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Monday, April 11, 2011

What does my bash ulimit function use to set/report the limitation of resources

Everyone knows the output from the 'ulimit' bash, builtin function. But what functionality actually this function uses to mange all of this.

$ ulimit -a
core file size          (blocks, -c) 0
data seg size           (kbytes, -d) unlimited
scheduling priority             (-e) 20
file size               (blocks, -f) unlimited
pending signals                 (-i) 16382
max locked memory       (kbytes, -l) 64
max memory size         (kbytes, -m) unlimited
open files                      (-n) 1024
pipe size            (512 bytes, -p) 8
POSIX message queues     (bytes, -q) 819200
real-time priority              (-r) 0
stack size              (kbytes, -s) 8192
cpu time               (seconds, -t) unlimited
max user processes              (-u) unlimited
virtual memory          (kbytes, -v) unlimited
file locks                      (-x) unlimited

Let's find out if the 'strace' program come in handy for this job.

# let's create auxilary file we will use later
$ cat mylimits.sh
ulimit -a

$ strace bash mylimits.sh 1>/dev/null 2>/tmp/strace.out
$ tail -20 /tmp/strace.out 
getrlimit(RLIMIT_NOFILE, {rlim_cur=1024, rlim_max=1024}) = 0
write(1, "open files                      "..., 42) = 42
write(1, "pipe size            (512 bytes,"..., 39) = 39
getrlimit(RLIMIT_MSGQUEUE, {rlim_cur=800*1024, rlim_max=800*1024}) = 0
write(1, "POSIX message queues     (bytes,"..., 44) = 44
getrlimit(RLIMIT_RTPRIO, {rlim_cur=0, rlim_max=0}) = 0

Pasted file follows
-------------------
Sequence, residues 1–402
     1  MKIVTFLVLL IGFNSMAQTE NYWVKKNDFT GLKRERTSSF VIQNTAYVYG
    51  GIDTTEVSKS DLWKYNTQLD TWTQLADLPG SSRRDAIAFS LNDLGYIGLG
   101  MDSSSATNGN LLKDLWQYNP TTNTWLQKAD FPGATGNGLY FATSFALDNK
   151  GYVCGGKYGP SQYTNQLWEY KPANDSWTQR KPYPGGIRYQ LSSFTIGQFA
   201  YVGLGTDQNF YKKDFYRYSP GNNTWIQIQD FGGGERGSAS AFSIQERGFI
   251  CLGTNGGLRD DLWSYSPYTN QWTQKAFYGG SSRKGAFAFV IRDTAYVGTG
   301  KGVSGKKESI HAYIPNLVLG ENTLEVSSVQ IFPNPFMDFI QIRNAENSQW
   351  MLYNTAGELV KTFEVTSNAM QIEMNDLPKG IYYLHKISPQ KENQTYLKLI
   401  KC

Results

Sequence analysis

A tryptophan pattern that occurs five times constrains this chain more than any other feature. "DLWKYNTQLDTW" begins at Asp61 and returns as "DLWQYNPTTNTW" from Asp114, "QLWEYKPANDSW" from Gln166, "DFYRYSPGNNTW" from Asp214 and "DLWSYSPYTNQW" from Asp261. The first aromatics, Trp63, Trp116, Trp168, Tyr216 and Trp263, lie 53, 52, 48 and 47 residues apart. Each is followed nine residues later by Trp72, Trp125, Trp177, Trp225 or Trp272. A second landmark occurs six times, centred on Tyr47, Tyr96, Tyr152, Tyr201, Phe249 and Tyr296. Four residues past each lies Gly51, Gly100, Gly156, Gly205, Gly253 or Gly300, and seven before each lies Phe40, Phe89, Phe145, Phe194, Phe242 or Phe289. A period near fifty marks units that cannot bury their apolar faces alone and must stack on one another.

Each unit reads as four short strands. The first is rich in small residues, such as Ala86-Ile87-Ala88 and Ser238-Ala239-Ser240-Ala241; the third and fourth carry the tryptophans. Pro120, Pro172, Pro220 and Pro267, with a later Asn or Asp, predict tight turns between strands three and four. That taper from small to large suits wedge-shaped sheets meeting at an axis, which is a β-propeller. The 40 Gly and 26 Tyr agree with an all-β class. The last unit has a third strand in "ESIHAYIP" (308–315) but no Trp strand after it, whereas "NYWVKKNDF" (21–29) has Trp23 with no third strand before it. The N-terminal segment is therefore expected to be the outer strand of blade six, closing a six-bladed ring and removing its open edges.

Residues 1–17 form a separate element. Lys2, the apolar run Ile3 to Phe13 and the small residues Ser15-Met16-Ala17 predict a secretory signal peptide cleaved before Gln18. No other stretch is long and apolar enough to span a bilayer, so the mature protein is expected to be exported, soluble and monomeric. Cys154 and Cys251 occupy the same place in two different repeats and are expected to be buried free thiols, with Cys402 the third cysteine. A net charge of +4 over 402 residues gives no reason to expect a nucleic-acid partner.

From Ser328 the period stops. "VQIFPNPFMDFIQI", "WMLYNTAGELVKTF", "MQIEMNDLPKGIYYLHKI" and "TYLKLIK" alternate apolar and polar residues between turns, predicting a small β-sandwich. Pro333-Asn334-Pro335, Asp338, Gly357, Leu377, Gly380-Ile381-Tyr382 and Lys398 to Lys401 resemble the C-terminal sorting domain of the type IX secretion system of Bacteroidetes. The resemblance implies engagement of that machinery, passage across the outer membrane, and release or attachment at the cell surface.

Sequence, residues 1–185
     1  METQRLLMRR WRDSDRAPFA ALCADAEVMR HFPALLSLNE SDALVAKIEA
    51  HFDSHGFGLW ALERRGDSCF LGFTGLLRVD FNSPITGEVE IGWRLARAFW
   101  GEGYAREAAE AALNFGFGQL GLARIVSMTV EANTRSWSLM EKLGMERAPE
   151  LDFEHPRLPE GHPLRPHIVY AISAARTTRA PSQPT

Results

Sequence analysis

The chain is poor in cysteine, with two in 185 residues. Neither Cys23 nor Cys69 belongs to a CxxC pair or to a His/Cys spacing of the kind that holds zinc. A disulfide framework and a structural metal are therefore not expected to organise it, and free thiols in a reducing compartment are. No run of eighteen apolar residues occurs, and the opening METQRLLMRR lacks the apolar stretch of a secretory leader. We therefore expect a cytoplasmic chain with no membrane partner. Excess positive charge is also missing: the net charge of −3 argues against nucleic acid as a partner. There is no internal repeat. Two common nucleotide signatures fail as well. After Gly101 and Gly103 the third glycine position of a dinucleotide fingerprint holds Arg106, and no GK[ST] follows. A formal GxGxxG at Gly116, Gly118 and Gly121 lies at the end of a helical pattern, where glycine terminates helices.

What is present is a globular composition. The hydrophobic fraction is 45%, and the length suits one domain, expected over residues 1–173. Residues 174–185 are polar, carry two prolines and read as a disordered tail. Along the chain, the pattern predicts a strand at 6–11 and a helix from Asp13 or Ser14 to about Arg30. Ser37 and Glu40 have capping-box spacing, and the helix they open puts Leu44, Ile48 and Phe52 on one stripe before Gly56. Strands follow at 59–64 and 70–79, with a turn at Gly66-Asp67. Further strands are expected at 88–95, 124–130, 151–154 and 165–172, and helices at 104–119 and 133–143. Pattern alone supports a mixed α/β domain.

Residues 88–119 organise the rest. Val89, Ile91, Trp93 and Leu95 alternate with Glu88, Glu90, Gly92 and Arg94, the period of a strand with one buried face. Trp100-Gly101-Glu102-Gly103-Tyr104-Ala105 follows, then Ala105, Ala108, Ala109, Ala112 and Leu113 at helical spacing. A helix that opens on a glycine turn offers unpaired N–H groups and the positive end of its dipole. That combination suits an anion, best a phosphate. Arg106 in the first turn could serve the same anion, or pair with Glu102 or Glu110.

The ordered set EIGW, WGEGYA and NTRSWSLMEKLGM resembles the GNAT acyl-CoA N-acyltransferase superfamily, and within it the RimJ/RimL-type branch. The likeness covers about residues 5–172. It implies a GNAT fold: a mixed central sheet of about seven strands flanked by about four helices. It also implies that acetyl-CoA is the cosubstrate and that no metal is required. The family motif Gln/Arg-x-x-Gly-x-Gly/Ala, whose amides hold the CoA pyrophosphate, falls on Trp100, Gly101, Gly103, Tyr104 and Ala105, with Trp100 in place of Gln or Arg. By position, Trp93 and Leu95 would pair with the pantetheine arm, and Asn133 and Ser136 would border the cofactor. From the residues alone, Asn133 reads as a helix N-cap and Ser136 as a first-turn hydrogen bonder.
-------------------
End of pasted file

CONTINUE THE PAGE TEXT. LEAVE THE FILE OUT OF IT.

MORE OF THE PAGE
write(1, "real-time priority              "..., 39) = 39
getrlimit(RLIMIT_STACK, {rlim_cur=8192*1024, rlim_max=RLIM_INFINITY}) = 0
write(1, "stack size              (kbytes,"..., 42) = 42
getrlimit(RLIMIT_CPU, {rlim_cur=RLIM_INFINITY, rlim_max=RLIM_INFINITY}) = 0
write(1, "cpu time               (seconds,"..., 47) = 47
getrlimit(RLIMIT_NPROC, {rlim_cur=RLIM_INFINITY, rlim_max=RLIM_INFINITY}) = 0
write(1, "max user processes              "..., 47) = 47
getrlimit(RLIMIT_AS, {rlim_cur=RLIM_INFINITY, rlim_max=RLIM_INFINITY}) = 0
write(1, "virtual memory          (kbytes,"..., 47) = 47
getrlimit(RLIMIT_LOCKS, {rlim_cur=RLIM_INFINITY, rlim_max=RLIM_INFINITY}) = 0
write(1, "file locks                      "..., 47) = 47
rt_sigprocmask(SIG_BLOCK, NULL, [], 8)  = 0
read(255, "", 10)                       = 0
exit_group(0)                           = ?

So as we can see the limitations are managed by the 'getrlimit' function and enforced on the kernel level.

For more info about this take a look at man 2 setrlimit

For these who are not afraid of glibc library a quick look at they wrappers may help as well: glibc "Resource Usage And Limitation"

An obsolete kernel function man 3 ulimit

1 comment:

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